Public servants might welcome the praise Anthony Albanese has bestowed on them this week, but it carries only so much weight.
Until a politician is in government, leading a portfolio and making decisions, it's hard to know what they really think about the bureaucracy.
It's with this caveat that public servants should listen to Mr Albanese's comments.
No doubt they are music to the ears of many in the bureaucracy. Labor has given reason enough to expect the fortunes of the public service would change if the ALP won government.
But if bureaucrats expect a return under Labor to the days of a frank and fearless public service, they might be disappointed.
Mr Albanese's refusal to guarantee the jobs of departmental secretaries will send a shiver up the spine of some APS bosses.
Before each federal election, there is speculation about which senior officials would stay, or go, with a change in government.
In 2019 it was then-newly appointed Treasury secretary Phil Gaetjens who many believed was likely finished in the public service if Bill Shorten led Labor to victory. The opposition treasury spokesman at the time, Chris Bowen, made it clear he believed Mr Gaetjens was unsuited to the role.
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Should the ALP come to power, there would also be an obvious question around the future of the controversial Home Affairs secretary, Mike Pezzullo.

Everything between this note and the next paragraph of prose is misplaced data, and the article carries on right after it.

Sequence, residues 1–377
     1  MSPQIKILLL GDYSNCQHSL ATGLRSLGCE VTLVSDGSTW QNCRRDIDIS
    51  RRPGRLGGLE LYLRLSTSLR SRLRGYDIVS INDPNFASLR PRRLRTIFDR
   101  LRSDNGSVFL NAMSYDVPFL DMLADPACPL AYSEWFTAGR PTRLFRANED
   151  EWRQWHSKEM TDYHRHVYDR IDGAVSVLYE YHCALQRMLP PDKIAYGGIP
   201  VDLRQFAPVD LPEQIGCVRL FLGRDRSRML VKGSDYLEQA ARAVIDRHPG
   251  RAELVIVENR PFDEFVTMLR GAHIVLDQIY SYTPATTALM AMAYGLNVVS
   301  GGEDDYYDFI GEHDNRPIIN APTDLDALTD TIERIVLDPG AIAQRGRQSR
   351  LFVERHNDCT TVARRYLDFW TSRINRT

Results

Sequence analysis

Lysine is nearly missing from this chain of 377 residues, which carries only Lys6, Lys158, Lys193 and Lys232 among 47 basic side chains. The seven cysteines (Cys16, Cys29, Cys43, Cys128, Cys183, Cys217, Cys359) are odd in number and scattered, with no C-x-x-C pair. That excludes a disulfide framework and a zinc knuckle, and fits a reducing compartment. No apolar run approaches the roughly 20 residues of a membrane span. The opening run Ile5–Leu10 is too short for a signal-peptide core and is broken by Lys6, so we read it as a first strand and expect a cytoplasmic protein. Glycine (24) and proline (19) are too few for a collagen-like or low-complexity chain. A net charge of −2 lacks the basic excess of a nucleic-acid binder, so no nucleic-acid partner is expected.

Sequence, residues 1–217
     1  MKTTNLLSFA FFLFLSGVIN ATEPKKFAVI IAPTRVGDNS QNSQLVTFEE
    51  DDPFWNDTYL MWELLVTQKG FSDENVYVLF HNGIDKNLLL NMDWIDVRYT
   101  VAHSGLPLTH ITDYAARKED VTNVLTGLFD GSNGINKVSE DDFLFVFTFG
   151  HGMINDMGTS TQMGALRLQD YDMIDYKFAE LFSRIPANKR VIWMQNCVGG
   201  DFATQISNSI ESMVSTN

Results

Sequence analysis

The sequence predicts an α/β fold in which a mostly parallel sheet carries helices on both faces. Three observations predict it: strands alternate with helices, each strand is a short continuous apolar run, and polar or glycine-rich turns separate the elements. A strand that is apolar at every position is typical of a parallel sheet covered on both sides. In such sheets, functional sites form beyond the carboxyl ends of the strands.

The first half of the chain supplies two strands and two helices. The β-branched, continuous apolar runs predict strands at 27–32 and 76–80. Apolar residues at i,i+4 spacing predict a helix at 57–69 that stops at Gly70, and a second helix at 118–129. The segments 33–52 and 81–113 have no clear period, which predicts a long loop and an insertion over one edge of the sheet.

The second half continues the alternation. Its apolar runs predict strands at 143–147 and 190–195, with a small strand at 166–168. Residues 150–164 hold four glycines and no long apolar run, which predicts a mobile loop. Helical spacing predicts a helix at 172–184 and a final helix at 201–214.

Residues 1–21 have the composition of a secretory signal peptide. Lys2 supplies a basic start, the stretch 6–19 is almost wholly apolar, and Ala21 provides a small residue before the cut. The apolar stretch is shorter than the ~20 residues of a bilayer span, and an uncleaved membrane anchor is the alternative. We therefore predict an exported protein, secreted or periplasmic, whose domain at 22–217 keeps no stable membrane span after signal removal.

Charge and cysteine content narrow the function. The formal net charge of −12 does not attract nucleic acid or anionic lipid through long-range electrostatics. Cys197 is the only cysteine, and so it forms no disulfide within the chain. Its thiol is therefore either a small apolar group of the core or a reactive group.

Labor has flagged it may continue the tradition blamed most for the decline in the public service's frank, fearless stature. If Mr Albanese sacks department heads as prime minister, it will echo John Howard's dismissal of six secretaries upon winning office in 1996 - at least in a small way.
It will also do nothing to promote the independence and fearlessness needed to restore the bureaucracy to a higher place in the policy-making chain.
It's important that prime ministers have bureaucrats they trust to implement their agenda. But new governments that sack APS secretaries they dislike perpetuate a cycle - one that undermines an apolitical, frank public service. It has become one of the public service's most dismal traditions, and it's one that looks nowhere close to ending.
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